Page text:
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Teacher Feature: Josafat V.

Meet our teacher Josafat, who recently got his master’s in guitar performance. His years of experience include being the music director for the Smart Foundation, which provides free music education to the kids at the Boys and Girls Club of Santa Ana. It also included a wonderful music performance excursion in Argentina, something he speaks fondly of. Josafat teaches voice, piano, guitar, and bass, and we couldn’t be happier to have him.

MM: What instruments do you play, how did you get started with each one, and how long have you played them?

JV: I became passionate for music when I first interacted with the acoustic guitar. I remember attending a church service and was observing the guitar player. I went up to him and asked for guitar lessons. From there on the guitar was a gateway to becoming passionate for music and eventually learning other instruments. These instruments include piano, voice, and bass. Even though guitar is my main instrument, I have a passion to sing! I have been playing bass and piano for about 6 years.

MM: Who has inspired you musically?

JV: I would have to say my undergrad professor Michael Nigro. He literally taught me everything I know. I didn’t know much about the guitar when I went to Vanguard University, and quite frankly I didn’t play very well. He was very patient and genuinely cared about me and my education. His dedication in teaching inspired me to practice and become better in my craft. If it wasn’t for him, I wouldn’t be good enough to go to graduate school.

MM: What are your favorite musical genres, and why?

JV: I like rock, indie, acoustic, and jazz. Although, I really like 20th Century Latin and Spanish music. It became a part of my education in college because this type of Latin music interested me and I eventually played this style on my classical guitar. I recommend listening to Isaac Albeniz, Heitor Villa-lobos, and Astor Piazzolla (he revolutionized tango to make it more modern).

MM: What are your current musical projects?

JV: I stay involved in the music ministry at my church, by leading worship and playing acoustic guitar. I also play in small gigs here and there, but currently I am more focused on trying to get as much teaching experience as I can. Besides teaching at Molly’s Music and private students of my own, I intern at Vanguard University by helping their guitar program.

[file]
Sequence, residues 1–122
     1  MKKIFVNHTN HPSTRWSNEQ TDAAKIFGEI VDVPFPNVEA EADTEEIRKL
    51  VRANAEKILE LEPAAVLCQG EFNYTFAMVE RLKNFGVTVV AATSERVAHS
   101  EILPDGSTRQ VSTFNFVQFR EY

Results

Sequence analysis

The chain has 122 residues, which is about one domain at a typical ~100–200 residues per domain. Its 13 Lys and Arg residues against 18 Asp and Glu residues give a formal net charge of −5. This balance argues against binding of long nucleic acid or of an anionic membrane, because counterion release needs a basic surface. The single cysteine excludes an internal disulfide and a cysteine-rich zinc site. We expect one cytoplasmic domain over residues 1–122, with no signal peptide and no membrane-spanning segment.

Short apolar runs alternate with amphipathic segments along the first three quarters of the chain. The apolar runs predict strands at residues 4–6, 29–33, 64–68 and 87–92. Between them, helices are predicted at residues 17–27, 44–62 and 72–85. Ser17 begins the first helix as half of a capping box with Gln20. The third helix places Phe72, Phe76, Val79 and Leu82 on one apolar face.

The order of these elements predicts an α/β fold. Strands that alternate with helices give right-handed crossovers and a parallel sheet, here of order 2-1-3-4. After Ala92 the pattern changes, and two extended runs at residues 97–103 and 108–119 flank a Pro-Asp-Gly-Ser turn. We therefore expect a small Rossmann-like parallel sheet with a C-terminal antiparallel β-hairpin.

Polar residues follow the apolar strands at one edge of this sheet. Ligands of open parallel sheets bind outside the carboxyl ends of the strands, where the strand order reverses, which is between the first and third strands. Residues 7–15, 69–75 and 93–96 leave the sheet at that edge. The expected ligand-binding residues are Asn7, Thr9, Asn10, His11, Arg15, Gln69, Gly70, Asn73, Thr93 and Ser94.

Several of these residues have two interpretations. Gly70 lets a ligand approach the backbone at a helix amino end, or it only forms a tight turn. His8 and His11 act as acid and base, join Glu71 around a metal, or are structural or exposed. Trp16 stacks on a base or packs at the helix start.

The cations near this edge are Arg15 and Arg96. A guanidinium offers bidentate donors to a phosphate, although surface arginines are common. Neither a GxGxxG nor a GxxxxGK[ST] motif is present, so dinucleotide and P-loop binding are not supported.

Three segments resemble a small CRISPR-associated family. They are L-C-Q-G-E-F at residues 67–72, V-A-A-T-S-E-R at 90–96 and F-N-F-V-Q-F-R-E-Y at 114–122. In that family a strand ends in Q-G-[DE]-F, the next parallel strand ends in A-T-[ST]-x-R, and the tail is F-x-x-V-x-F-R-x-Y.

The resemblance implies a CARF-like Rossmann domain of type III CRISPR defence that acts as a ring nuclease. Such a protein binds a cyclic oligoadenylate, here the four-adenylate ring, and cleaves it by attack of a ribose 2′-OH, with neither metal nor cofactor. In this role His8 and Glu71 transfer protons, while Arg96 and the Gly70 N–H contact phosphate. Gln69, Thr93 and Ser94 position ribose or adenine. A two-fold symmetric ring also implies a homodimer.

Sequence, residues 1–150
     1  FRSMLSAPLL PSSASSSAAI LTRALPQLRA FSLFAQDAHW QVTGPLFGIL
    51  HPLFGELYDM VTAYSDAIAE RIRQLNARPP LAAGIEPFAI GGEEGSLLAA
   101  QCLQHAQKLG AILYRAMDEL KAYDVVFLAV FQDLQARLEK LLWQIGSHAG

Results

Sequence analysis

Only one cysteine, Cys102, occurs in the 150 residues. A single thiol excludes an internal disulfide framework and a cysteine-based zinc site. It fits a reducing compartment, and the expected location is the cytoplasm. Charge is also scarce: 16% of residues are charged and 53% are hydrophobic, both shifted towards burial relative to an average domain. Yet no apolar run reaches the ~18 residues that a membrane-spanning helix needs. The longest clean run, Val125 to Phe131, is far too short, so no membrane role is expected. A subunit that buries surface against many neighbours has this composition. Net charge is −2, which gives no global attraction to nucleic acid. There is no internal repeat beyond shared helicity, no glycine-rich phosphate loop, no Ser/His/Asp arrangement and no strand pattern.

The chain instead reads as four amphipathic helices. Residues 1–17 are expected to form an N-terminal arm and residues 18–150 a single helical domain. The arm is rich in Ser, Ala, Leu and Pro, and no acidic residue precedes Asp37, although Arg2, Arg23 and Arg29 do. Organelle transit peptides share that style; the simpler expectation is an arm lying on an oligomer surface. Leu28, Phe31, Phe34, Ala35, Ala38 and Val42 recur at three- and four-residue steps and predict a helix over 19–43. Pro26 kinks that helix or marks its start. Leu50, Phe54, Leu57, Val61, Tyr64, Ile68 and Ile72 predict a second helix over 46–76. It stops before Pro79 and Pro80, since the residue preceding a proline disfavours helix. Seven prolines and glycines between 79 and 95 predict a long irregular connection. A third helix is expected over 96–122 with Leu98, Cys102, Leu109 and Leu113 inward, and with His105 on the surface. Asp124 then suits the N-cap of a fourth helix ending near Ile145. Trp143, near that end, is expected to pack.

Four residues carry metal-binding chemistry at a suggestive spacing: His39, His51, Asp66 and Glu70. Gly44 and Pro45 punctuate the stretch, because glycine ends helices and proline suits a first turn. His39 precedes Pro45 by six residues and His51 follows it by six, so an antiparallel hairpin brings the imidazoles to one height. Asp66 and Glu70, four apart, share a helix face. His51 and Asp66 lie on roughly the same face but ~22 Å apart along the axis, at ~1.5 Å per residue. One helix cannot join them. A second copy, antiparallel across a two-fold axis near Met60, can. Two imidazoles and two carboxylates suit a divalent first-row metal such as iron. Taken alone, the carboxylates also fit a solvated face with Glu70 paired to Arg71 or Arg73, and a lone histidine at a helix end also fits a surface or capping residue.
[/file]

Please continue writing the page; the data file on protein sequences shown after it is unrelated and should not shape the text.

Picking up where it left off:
MM: How do you practice, and how do you balance music with some of your other life goals? How do you help your students practice?

JV: Practice takes dedication! I typically do four hours a day, but when I was working on my masters I was doing a little bit more than that (Important to note that not everyone is going to practice 4 hours a day! 30 minutes everyday goes a long way in becoming better in your desired instrument. It’s better to spread your practice time throughout the week, rather than cramming all of it in one day.) Balancing practice time along with life and other priorities takes discipline and planning. What helps me is distributing the hours throughout the day and keeping a log journal to write down what I did. It’s also important to become interested and staying engaged in your practice time. I know scales and technique can become quite frustrating, so keep it fun! Reward yourself in finding fun songs or pieces to play!

MM: Tell me about your work at the Smart Foundation. What do you work on at the Boys and Girls Club? How has that experience been?

JV: The Smart Foundation was a great experience! It was a non-profit organization that focused on giving music education to kids that didn’t have access to the arts. We did our work at the Boys and Girls club in Santa Ana and gave classes to students ranging from the ages of 5-18. I did a variety of classes such as guitar, guitar ensemble, music appreciation, and flute recorders. I very much enjoyed it and was rewarded with seeing how much the kids enjoyed being involved in music.

MM: Tell me about your performance experience. I read in your bio that you performed in Argentina. Tell me about that.

JV: Traveling to Argentina was probably an experience I will never forget. I went there as part of a guitar festival that Vanguard University participated in. We were a group of 12 guitarists that prepared repertoire for the festival. It was a 10-day stay where we did a lot of concerts based off of Argentine folk music such as the tango. Additionally, I got to experience a lot of the Argentine culture. For instance, they truly live life in “relax” mode, where they don’t stress about the intricacies of the day. They have siestas during the weekday so that they can spend part of the day with their families before heading back to work or school. I learned that they value enjoying life by spending time with family and loved ones. It was an eye opener when coming back to the states, because it inspired me to cherish life more, even when we go through sticky situations. On a side note: They also love their meat! Which was fantastic because I am a huge meat lover.

MM: How did you enjoy your guitar performance degree?

JV: It was a fantastic feeling earning my masters degree in guitar performance. It took a lot of work and dedication, but it was well worth it. It was hard, but I had the support of family and friends encouraging me to persevere. I had the privilege to learn with well respected guitarists within the guitar world such as Martha Masters and Andrew York (give them a listen on YouTube!).

MM: If you were stranded on an island and only had one album with you, what would it be?

JV: That’s tough! I love Coldplay and their many albums. But if I had to choose, I would pick A Rush of Blood to the Head.




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